8 BIG Social Media Fails and What You Can Learn from ThemPublished on January 14, 2019
Is your social media marketing team well-versed in all the different social media platforms?
Do they know the ins and outs of social media marketing to ensure they don’t slip up making mistakes joining the social media marketing fails list?
As more businesses look to expand their social media marketing efforts, it makes them more prone to making social media fails. When it comes to marketing, you’ve probably heard that any publicity is good publicity. However, that doesn’t apply when it comes to marketing your business.
The last thing you want to do is have your campaign gain attention for the wrong reasons.
Brands need to be extra careful when marketing on social media because they cater to a larger audience. Your campaign needs to ensure it doesn’t offend or alienate anyone in any way.
After all, your brand’s reputation is on the line. Which is exactly why we have picked out eight big social media marketing fails that you can learn from and avoid.
8 BIG Social Media Fails and What You Can Learn from Them
Social media marketing has taken the world by storm.
More firms have established themselves on social media today than ever before and the number continues to rise. The platforms provide firms with a chance to become more visible and engage prospects like never before.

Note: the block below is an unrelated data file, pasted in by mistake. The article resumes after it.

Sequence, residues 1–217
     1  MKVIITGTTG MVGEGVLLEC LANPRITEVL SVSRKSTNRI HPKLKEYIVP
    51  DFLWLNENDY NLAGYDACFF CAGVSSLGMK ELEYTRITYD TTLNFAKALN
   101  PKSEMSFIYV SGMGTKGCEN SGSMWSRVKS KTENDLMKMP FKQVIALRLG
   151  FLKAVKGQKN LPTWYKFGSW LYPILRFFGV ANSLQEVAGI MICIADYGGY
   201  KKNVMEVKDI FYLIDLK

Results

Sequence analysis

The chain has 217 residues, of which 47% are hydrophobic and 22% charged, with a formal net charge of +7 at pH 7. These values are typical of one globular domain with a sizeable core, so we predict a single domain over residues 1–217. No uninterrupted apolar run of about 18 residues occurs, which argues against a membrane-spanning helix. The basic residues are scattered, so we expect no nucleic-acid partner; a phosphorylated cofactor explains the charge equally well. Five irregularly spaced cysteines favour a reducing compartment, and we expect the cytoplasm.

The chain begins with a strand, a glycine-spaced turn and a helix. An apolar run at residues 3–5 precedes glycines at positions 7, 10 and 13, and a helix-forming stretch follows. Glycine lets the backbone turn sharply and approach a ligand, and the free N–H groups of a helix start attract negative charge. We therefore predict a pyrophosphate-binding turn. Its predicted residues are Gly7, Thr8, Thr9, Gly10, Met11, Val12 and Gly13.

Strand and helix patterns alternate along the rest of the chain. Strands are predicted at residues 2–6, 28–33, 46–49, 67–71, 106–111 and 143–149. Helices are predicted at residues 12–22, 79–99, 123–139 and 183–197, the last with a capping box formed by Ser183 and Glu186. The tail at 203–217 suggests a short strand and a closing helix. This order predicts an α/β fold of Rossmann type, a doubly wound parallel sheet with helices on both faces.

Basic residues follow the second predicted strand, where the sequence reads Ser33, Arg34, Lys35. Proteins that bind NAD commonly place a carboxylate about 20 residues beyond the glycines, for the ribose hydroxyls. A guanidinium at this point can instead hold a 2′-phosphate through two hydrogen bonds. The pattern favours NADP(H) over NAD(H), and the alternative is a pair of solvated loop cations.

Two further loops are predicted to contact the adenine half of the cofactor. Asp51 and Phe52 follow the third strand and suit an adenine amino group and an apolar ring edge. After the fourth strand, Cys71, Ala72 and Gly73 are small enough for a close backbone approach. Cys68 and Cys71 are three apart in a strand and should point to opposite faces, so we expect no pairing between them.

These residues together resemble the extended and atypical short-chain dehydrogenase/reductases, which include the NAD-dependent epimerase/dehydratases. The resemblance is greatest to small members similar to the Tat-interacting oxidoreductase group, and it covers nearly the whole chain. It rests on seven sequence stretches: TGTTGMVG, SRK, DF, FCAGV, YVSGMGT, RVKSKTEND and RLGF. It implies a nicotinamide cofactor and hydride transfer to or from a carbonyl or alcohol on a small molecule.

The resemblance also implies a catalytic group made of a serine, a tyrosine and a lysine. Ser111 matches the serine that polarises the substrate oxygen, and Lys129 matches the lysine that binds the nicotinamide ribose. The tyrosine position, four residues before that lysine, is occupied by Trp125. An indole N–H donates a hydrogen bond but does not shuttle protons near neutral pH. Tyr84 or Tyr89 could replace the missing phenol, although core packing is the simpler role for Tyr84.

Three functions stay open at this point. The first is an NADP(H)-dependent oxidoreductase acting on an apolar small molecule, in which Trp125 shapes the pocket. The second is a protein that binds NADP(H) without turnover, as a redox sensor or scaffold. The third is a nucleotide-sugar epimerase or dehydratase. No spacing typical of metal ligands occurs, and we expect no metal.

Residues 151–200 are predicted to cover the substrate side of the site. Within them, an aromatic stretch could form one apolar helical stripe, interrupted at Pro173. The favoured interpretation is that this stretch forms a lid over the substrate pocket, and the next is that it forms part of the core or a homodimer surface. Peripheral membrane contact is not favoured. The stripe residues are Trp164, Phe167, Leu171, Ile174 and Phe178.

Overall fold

However, at the same time, it also presents them with a chance to fail in front of thousands. From typos to offensive content, if businesses don’t keep their content in check there is a chance it can lead to more bad than good.
After all, nothing on the Internet goes unnoticed.
Even the biggest of companies and individuals come under fire when it comes to social media fails. You just can’t hide once the mistake is made. So it is better to learn from social media fails of others so you don’t end up doing the same.
Would You Rather: Rihanna
Snapchat made the mistake of poking fun at domestic violence in March of 2018. The platform’s popularity had already gone sour as it introduced advertisements between snaps which users were not very fond of. However, they went overboard when they allowed a “Would You Rather?” ad which asked user’s if they would rather punch Chris Brown or slap Rhianna.
This was of course in reference to the high profile domestic violence case against Chis Brown for assaulting Rhianna in 2009. The ad received criticism right away and even Rhianna spoke up against it. She requested all her followers to delete the app and plenty followed suit. While Snapchat released an apology saying that the ad was approved by mistake. It was a little too late as the damage was already done. Making this one of the biggest social media fails by a social media platform itself.
Dove has made a name for developing ads that empower women and focusing on their realistic, natural beauty. The brand has taken a stand for over 10 years now to promote ‘Real Beauty’ that allow women to feel beautiful in their own skin and be proud of it.
However, even companies known to solider amazing campaigns can falter when it comes to social media. In its transformation ad for body lotion, Dove shows a black woman who transforms into a white woman.